In the 1920s, American Josephine Baker took Paris by storm as part of the legendary Folies Bergère reviews and became a symbol of the Jazz Age after appearing in a girdle of bananas. Baker was “celebrated by all of the great artists and intellectuals of the era, with various circles dubbing her the ‘Black Pearl,’ the ‘Bronze Venus,’ as well as the ‘Creole Goddess.'” She fought for the French Resistance during WWII and later became a civil rights activist, even speaking at the March on Washington with the Rev. Martin Luther King, Jr. in 1963.

Fanny Brice

Fanny Brice, made famous by Barbra Streisand in the 1963 Broadway musical Funny Girl, dropped out of school in 1908 to join a burlesque review. In 1910, she joined the Ziegfield Follies for the first time, performing for two years. She rejoined it in 1921 and danced with them through the 1930s. From the 1930s until her 1951 death, Brice performed on radio as a bratty toddler named Snooks in the eponymous “Baby Snook Show,” which sounds like something that should make us grateful we have Netflix.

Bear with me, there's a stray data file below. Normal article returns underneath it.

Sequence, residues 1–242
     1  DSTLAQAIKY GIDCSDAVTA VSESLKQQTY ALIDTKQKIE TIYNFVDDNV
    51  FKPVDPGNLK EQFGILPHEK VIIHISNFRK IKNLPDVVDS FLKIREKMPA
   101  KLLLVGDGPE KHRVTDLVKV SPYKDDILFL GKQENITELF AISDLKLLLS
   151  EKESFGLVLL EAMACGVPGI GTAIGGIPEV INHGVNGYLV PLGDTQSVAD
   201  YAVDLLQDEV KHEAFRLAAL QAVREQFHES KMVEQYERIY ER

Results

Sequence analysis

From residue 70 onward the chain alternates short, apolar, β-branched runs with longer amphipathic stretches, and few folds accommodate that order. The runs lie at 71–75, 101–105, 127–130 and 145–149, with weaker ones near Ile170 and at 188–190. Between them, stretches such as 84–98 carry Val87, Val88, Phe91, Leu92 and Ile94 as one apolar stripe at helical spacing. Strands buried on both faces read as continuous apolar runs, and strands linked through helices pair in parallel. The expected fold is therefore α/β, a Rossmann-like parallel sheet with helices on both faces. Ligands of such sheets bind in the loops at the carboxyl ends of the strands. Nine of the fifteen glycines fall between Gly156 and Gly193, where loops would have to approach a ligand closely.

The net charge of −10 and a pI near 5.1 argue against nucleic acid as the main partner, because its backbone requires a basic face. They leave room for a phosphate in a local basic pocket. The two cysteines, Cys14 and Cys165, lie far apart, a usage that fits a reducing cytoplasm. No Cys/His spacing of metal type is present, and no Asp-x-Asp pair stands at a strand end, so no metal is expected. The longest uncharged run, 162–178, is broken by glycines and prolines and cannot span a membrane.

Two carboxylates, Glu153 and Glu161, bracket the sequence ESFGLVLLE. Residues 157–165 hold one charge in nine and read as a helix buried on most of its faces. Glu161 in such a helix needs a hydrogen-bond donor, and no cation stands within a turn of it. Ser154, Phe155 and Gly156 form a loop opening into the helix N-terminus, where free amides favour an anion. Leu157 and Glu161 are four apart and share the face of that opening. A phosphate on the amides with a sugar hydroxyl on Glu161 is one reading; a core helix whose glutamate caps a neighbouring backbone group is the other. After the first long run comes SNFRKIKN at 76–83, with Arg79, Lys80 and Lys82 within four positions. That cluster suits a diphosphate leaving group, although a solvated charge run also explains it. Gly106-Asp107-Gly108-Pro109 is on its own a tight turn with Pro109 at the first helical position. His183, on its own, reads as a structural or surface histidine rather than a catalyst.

Carrie Finnell

Carrie Finnell claims to have invented the nipple tassel, which survives to this day as a burlesque necessity (burlesque-ity?). Using just her magnificent mammaries, Finnell could supposedly swing not just tassels, but bells and lights as well. Whutt??

According to burlexe.com, she also:

is credited with talking Gypsy Rose Lee into peeling on stage. She beat Mae West in a strip-off. She’s also said to have invented the nipple tassel. Definitely a woman worth remembering.

Carrie Finnell (What is she even doing?)

As you can see, the history of burlesque is complex and fascinating and worth looking into much deeper than we can here. If you want to learn more, come back next week when we examine burlesque of the ’30s and check out these sources below:






(And if you really like history, stay tuned for ticket info for our fabulous April 22 show, Decadent: 100 Years of Burlesque.)